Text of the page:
The boys undergo harsh training -- and punishment. Nishi gets whacked for fumbling a shell, Kamio for taking the blame when a porthole is left open (he is not the guilty party, but steps forward so his entire squad won't be punished). Moriwaki and Uchida prove to be decent types, however, who win the affection and respect of their young charges.

They are first bloodied at Leyte, where they nearly dissolve into panic under the ferocious American assault. Uchida takes a bullet to his eye, but miraculously survives. The Yamato limps back to port, but the war situation worsens and, following the fall of Saipan in the spring of 1945, grows desperate. The Yamato's crew is given a last leave to visit friends and family and, then, on April 6, they embark on their fatal voyage to Okinawa.

Veteran Sato ("Tonko," "Ningen no Shomei"), delivers taut, high-impact action, while pumping up the theatrics to at times absurd extremes. Even the normally excellent Suzuki and Shinobu Terashima, playing Uchida's geisha lover, overdo the facial twitches, while Nakamura becomes positively piratical once he dons an eye patch as the half-blinded Uchida.

The young actors playing the recruits are, by contrast, refreshingly unaffected. Matsuyama is particularly good as the young Kamio, reacting naturally (that is, boyishly) to each challenge and crisis -- and reminding us why, despite all the flag waving, on screen and off, the Yamato's end was a human disaster.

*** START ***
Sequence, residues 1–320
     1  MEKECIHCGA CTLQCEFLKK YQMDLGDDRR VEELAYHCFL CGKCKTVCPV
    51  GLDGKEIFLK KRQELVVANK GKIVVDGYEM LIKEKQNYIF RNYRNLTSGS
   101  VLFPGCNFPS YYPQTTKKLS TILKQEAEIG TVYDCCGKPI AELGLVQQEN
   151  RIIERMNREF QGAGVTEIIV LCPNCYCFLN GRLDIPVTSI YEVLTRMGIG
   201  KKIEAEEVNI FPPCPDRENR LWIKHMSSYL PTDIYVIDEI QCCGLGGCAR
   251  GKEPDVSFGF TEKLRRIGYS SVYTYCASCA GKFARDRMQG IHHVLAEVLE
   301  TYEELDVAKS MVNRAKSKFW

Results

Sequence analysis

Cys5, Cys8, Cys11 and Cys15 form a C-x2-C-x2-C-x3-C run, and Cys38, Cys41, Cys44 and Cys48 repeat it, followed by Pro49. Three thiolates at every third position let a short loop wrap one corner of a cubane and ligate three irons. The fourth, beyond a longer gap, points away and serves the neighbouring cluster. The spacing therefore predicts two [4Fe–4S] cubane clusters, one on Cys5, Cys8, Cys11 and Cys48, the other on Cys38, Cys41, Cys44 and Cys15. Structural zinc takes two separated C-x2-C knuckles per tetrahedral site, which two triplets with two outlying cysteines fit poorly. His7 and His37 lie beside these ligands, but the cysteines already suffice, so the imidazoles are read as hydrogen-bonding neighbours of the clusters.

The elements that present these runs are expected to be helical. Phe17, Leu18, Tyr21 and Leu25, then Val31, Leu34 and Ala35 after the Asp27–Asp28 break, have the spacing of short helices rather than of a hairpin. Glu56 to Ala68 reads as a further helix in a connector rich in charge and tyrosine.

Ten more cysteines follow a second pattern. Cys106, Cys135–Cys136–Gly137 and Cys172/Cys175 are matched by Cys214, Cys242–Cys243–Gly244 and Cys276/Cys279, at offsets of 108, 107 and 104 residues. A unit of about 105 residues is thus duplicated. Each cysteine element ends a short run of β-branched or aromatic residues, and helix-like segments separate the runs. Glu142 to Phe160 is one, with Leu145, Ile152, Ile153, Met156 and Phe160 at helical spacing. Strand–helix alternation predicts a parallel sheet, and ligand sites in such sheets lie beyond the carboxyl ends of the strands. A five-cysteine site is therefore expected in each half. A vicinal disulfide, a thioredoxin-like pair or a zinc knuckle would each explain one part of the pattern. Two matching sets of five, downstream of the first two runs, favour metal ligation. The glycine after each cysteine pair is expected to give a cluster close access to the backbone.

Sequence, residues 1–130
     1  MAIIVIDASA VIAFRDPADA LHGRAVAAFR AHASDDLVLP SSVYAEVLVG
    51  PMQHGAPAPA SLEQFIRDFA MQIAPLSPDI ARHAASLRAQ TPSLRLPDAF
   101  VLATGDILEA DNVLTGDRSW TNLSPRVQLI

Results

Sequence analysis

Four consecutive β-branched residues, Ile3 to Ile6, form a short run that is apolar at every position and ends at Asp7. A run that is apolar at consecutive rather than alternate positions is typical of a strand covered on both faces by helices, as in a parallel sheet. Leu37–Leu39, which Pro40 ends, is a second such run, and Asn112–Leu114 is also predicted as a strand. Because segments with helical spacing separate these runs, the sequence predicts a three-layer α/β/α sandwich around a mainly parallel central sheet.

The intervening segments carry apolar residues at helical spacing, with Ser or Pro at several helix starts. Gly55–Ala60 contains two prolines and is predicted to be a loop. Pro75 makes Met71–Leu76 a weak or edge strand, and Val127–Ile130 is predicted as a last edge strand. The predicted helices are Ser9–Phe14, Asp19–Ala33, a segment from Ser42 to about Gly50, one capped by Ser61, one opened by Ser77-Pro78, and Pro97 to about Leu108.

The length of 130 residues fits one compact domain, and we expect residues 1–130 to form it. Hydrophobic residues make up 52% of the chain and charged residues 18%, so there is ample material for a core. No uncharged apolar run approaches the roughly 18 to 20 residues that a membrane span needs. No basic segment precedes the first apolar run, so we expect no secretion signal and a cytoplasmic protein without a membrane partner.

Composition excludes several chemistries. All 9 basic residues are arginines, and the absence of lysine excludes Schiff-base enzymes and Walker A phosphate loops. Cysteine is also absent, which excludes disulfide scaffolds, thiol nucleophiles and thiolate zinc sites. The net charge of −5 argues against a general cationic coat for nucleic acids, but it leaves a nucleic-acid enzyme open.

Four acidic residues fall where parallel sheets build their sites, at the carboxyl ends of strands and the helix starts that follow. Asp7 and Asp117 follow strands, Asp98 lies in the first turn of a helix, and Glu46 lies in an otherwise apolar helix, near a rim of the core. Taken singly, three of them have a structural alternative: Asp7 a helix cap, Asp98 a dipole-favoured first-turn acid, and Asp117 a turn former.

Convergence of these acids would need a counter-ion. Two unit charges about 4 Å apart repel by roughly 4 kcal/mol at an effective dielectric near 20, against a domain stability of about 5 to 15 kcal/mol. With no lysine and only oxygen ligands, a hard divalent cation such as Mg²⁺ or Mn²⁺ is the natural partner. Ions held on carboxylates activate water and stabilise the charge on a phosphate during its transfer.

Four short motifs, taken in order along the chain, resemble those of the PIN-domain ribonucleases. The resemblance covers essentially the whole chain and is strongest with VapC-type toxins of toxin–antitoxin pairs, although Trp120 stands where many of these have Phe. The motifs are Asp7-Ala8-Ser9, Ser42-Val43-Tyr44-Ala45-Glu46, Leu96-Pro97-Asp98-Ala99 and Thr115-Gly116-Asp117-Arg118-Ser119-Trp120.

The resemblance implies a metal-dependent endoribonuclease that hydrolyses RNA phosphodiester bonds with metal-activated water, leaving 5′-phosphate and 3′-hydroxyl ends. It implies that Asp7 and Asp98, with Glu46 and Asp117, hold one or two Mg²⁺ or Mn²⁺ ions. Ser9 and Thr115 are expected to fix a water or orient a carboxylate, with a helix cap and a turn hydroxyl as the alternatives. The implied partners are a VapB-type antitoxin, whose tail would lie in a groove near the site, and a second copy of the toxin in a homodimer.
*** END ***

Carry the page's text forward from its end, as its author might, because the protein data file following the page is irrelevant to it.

Is "Yamato" an antiwar film in disguise? Not really. The Japanese mainstream has mixed emotions about the war and the film reflects that ambiguity. Rightists may play it at their meetings to pump up morale, but I'm sure they'd prefer an edited version.

An interview with "Yamato" producer Haruki Kadokawa will appear on the Sunday Timeout page, Dec. 25.

The Japan Times: Dec. 23, 2005
(C) All rights reserved
Link Posted: 12/22/2005 5:52:58 PM EDT
I'd love to see it.
Link Posted: 12/22/2005 6:01:41 PM EDT
I just read the US Naval historian's story of Leyte, and for all the air power we tossed at them, it was probably the last ship-of-the line sea battle, as well.

Might be an interesting rental.
Link Posted: 12/22/2005 6:03:39 PM EDT
Same here. I'm a battleship buff and would love to see it too.
Link Posted: 12/22/2005 6:08:09 PM EDT
Let's see, which movie do I want to see... a film about the battleship YAMATO, the greatest battleship ever built, or "Brokeback Mountain"?

Yeah, Hollywood has their shit together
Link Posted: 12/22/2005 6:31:21 PM EDT